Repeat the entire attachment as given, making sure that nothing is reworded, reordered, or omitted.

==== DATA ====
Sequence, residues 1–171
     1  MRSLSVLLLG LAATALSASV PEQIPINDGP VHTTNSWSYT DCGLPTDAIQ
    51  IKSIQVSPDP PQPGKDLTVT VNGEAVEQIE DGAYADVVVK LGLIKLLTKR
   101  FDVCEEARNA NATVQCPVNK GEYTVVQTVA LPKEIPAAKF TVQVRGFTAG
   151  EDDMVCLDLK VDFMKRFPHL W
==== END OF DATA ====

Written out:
Sequence, residues 1–171
     1  MRSLSVLLLG LAATALSASV PEQIPINDGP VHTTNSWSYT DCGLPTDAIQ
    51  IKSIQVSPDP PQPGKDLTVT VNGEAVEQIE DGAYADVVVK LGLIKLLTKR
   101  FDVCEEARNA NATVQCPVNK GEYTVVQTVA LPKEIPAAKF TVQVRGFTAG
   151  EDDMVCLDLK VDFMKRFPHL W